If you don’t how to crochet, I bet you can still crochet this wreath!
It’s made with wool roving that you simply “chain” to an embroidery hoop. If you don’t know what that means, no problem. I walk you through how to grab the yarn and create a braided texture in the video tutorial and written tutorial below.
It’s a beginner project that takes just minutes to pull together.
- Wool Roving – just under 5 yards*
- 9 inch embroidery hoop**
- Optional: ribbon, scissors, floral wire, wire snips
*I purchased this dark green wool roving from Amazon for about $8 (this is an affiliate link but does not affect your price). It was more like 4.5 yards and you need at minimum 4.75 yards, which is why I took time to stretch out the thicker parts to 4.75 yards in the tutorial.
**You can find embroidery hoops at craft stores for $2-3 but I have found them for a fraction of that cost at thrift stores and garage sales. I got my hoop at the thrift store for 50 cents, and I plan on using the outer ring for a future wreath form.
The video should have popped to the top or side of your screen already, but if it hasn’t you can view it here. Please note that it will play after the initial ads. Also note that if you don’t click on it or pay attention to it, it will roll over to another tutorial.
Disclaimer: I share some photos but not all. If you’re a beginner, I really recommend watching the video.
STEP ONE: Prep materials.
Remove the inner ring of the embroidery hoop and set aside the outer ring for another project. You can use them together or use the outside ring instead, but the metal hardware may snag the wool.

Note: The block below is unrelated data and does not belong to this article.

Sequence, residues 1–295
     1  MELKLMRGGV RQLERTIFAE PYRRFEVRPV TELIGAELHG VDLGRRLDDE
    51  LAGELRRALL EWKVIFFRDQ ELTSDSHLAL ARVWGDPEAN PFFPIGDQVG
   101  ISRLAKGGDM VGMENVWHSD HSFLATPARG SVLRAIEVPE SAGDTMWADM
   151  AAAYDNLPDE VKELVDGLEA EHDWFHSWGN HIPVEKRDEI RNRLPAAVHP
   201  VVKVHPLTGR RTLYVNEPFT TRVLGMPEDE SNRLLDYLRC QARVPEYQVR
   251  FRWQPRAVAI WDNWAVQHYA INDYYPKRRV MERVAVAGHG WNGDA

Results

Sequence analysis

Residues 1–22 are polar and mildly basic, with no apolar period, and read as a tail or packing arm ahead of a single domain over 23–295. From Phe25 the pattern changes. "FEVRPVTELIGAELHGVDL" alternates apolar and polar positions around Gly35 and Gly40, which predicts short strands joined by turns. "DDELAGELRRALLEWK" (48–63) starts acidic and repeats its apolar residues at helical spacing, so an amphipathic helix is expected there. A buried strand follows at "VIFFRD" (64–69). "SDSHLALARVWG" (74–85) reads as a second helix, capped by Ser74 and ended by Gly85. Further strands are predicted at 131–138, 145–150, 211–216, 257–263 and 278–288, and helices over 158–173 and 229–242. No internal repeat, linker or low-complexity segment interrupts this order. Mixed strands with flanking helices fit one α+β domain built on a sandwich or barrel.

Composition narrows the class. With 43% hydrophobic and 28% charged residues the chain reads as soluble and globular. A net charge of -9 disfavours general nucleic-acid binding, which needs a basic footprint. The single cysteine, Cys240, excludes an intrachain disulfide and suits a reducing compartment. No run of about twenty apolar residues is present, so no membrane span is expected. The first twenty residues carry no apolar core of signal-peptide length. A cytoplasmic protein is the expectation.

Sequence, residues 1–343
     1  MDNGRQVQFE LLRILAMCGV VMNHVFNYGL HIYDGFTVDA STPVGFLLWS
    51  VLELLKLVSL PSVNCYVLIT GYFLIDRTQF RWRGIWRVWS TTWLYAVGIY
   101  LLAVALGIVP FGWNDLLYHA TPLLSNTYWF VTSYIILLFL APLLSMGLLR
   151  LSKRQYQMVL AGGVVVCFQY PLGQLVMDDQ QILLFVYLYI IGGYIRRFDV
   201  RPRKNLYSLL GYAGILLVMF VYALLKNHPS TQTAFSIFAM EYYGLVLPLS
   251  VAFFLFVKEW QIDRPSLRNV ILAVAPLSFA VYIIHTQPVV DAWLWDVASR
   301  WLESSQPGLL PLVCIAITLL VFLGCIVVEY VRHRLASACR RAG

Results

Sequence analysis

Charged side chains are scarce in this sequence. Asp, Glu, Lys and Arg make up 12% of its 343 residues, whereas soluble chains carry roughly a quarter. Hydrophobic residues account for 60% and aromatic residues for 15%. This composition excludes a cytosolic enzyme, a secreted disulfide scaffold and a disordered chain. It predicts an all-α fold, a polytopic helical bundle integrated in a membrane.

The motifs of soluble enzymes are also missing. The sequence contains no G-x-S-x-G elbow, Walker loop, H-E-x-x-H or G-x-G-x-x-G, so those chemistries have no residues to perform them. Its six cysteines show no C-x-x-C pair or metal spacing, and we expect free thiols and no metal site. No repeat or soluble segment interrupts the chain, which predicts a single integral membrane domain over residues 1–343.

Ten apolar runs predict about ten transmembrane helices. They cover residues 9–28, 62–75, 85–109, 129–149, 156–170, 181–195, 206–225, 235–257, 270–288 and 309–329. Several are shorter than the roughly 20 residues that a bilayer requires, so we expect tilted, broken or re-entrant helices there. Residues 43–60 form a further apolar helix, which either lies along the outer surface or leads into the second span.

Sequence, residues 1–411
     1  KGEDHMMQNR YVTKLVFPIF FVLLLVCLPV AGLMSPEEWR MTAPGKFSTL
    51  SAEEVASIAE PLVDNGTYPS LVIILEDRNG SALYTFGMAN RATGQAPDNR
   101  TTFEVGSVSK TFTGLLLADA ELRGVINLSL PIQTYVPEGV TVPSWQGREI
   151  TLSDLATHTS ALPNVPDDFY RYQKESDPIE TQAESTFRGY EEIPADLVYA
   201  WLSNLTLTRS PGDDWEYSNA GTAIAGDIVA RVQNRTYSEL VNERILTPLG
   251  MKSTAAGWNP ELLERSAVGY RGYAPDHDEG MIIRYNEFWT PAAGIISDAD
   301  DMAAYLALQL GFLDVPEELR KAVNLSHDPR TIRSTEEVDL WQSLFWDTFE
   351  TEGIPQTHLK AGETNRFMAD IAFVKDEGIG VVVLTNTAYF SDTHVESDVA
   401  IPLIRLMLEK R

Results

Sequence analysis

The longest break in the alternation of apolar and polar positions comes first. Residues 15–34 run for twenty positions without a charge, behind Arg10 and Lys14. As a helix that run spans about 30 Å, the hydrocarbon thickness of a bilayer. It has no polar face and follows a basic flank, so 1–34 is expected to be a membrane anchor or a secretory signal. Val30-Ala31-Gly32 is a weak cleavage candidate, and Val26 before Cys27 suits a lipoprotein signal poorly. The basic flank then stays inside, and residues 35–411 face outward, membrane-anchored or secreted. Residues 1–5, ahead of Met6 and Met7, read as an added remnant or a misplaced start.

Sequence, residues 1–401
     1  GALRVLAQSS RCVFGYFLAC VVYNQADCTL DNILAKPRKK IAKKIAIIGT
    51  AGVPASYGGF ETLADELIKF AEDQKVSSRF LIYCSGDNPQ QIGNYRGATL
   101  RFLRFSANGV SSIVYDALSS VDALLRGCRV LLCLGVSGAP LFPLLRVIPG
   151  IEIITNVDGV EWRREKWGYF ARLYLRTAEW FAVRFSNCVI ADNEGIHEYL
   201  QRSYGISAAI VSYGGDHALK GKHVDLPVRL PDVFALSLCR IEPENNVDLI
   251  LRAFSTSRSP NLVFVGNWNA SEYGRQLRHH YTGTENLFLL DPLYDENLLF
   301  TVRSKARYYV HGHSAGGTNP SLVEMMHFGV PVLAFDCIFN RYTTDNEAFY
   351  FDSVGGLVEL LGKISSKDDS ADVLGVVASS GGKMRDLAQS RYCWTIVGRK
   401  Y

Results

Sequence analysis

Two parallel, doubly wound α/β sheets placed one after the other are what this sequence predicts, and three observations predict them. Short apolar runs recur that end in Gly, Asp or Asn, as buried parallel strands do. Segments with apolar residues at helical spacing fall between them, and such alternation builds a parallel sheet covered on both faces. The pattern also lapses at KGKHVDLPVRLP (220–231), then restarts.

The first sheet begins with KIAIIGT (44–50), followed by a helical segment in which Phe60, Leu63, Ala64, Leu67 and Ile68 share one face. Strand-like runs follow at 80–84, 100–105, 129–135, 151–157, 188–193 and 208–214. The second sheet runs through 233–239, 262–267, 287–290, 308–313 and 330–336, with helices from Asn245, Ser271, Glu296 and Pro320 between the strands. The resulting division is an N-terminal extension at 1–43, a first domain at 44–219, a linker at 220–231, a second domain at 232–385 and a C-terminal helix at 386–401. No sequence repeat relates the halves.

If you need to, like me, smooth out and stretch out the thicker parts of the roving so that you have a minimum of 4.75 yards of roving. Just take care not to pull too hard. You don’t want the roving to come apart.
STEP TWO: Crochet onto wreath.
Tie a loose slip knot with a short 5 inch tail. The video shows this in action if you are unfamiliar with how to tie a slip knot.
Be sure to keep everything nice and loose. You never want to pull anything tight for this wreath.
Insert you hand into the loop of the knot and grasp the hoop. Use that same hand to grab more wool roving and pull it through the loop, creating a new loop.
Repeat this process again but grab the wool from the opposite side of the hoop. Continue grabbing the wool and pulling it through on alternating sides of the hoop until you get to where you started.
If you have too much wool at this point it *may* be that you crocheted too tightly (or if you have closer to a full 5 yards, you may just need to trim off the excess). If you have too little, simply pull the wool and it will unravel from the hoop. Measure again and try crocheting just slightly tighter.
STEP THREE: Join ends and finish.
If you made it all the way around with just about an 8-10 inch tail of wool left, insert your fingers a loop in the beginning knot (stitch) grab the tail and pull it all the way through instead of creating a new loop. This time you can pull it a bit tight.
Tuck the ends into the wreath in a way that matches the braid texture.
Because of the irregular nature of most wool roving, you may end up with part of the wreath that thinner than the rest. Tease it out with your fingers to fluff it up and smooth out any parts that got a little fuzzy. Play with it until it looks how you want. (See the photo above to note how there is a definite back side that is not as pretty ;)).
Optional: Add a bow.
In order to not squish the wool and change the shape of the wreath. I recommend tying the bow in advance and then attaching it with floral wire.
Easy peasy…and you’re done!
It adds a little cozy touch to your holiday decor, but I also think could be year round decor in the right colors.
P.S. For more crochet and yarn projects, click HERE.
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